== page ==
The High Court heard how Mrs Stanley fled Vienna and arrived in London in May 1939, when she was 19. She and her husband, Lawrence, lived together in their Belsize Park flat for 48 years, until his death in 1994. They did not have any children.

Despite her fortune, most of which was discovered in bank accounts and shares after her death, the widow lived a frugal existence and worried she would run out of money, the court heard. In 2002, the court heard, Mrs Stanley met Miss Vasileva at the supermarket where the younger woman worked. Miss Vasileva, who had  moved to the UK from Bulgaria the year before, said they struck up a friendship after she delivered Mrs Stanley’s shopping.

After a stay in hospital in May 2005, Mrs Stanley phoned Miss Vasileva and asked if she could come to collect her. She did not want any professional carers and asked Miss Vasileva if she would help her stay in her own flat.

It was then that Mrs Stanley first said she wanted her friend to have her flat after she died — a promise she repeated many more times, the court heard.

Miss Vasileva looked after Mrs Stanley — including cooking, cleaning and helping her bathe — until she went into a care home in April 2009.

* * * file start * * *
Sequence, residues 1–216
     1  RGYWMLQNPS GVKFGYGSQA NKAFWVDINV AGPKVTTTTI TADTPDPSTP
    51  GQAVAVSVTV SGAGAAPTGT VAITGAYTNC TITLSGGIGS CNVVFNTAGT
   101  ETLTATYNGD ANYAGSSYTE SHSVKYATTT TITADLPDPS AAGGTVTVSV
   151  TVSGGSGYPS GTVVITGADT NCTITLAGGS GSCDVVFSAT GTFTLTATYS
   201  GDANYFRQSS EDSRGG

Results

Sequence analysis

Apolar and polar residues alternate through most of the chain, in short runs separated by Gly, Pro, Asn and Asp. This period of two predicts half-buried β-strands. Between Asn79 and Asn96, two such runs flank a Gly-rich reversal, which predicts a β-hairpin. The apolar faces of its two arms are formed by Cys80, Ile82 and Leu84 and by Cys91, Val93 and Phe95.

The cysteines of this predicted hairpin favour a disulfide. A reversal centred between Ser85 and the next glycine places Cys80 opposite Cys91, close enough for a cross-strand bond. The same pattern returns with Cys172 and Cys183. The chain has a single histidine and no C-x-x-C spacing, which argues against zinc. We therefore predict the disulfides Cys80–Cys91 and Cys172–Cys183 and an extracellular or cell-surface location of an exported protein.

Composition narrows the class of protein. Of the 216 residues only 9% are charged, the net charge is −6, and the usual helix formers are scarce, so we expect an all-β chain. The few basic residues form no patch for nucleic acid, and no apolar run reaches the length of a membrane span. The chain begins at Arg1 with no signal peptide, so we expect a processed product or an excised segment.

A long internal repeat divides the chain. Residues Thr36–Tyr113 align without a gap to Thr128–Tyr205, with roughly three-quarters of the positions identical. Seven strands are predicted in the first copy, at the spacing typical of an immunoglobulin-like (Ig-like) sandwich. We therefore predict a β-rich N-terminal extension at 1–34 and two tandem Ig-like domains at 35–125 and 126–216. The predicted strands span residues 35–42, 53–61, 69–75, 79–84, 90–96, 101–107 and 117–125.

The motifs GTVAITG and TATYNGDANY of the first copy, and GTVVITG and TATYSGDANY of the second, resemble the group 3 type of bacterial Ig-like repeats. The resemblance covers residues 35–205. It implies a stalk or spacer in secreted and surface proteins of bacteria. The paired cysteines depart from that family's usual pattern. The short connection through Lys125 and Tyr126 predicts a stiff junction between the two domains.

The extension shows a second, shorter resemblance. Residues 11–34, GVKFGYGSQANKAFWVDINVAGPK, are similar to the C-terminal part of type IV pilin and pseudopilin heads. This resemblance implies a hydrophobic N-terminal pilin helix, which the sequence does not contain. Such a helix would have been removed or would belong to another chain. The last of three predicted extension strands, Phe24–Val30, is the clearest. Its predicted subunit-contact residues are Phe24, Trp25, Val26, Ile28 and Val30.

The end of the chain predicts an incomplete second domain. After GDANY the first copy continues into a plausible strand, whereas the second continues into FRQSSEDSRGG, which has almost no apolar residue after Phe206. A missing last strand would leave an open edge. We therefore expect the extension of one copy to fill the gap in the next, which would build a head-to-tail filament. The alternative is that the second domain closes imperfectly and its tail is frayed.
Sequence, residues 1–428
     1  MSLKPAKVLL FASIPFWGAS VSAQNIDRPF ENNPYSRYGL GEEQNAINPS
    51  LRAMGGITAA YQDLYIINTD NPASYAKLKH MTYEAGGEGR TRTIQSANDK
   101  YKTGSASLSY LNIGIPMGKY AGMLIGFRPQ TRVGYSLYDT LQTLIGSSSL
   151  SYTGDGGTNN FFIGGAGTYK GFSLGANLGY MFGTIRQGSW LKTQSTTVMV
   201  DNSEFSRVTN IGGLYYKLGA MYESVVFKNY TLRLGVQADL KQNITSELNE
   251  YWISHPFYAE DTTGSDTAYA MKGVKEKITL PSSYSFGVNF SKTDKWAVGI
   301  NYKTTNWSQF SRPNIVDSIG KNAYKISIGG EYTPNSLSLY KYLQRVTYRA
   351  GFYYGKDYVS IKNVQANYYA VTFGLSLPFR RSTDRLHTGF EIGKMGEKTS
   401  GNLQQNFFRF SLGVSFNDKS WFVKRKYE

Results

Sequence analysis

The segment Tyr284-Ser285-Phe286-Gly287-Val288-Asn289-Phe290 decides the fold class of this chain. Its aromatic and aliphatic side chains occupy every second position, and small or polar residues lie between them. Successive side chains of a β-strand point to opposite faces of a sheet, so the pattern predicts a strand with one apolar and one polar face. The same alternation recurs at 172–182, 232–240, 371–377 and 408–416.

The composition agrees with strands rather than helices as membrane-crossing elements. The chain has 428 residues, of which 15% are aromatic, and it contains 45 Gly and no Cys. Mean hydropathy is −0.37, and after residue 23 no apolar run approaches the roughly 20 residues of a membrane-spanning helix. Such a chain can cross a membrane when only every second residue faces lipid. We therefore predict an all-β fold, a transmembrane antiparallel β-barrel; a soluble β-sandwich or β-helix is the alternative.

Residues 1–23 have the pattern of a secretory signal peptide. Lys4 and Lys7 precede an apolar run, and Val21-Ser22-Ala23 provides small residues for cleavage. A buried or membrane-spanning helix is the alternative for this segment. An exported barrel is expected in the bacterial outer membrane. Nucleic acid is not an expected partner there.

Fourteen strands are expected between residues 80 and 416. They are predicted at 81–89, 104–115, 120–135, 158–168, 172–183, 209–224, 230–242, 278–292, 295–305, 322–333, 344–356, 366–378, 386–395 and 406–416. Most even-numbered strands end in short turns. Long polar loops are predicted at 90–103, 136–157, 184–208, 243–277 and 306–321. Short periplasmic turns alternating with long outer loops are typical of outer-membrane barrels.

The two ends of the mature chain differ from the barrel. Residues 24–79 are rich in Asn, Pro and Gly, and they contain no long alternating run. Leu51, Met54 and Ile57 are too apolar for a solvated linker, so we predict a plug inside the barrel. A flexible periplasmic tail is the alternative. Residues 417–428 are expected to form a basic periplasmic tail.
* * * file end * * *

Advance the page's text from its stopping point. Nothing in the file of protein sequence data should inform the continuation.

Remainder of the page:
After the case Miss Vasileva said: “We weren’t just friends, we were more  like grandmother and granddaughter, we were very close. She will always be in my heart.”

Share This:-
Facebooktwittergoogle_pluslinkedin
ByMichael Morrison

Neighbour Disputes & Sir Paul McCartney

Neighbour disputes whether concerning party walls or boundaries can incur disproportionate legal costs if advice is not sought timely from a specialist practitioner in the field.

A recent battle occurred in St John’s Wood between two neighbours of Sir Paul McCartney in Cavendish Avenue. Clive Lewis a chartered surveyor lives at 3, Brenda Fenton lives at 5 whilst Sir Paul lives at 7.

Last month a judgment in Mrs Fenton’s favour handed down at Central London County Court ordered Mr Lewis to pay her £250,000 in costs and to make alterations to his house over a gutter leak that if fixed timeously would have cost him £7000. If you add Mr Lewis’s own legal costs (barrister and solicitor) he is now facing a bill of around £500,000.

Mrs Fenton was represented by a member of the barristers’ chambers that have the strongest reputation for property issues.

We at the Solicitors Information Service can recommend solicitors in London with proven expertise in the speedy resolution of such matters.

 

 

Share This:-
Facebooktwittergoogle_pluslinkedin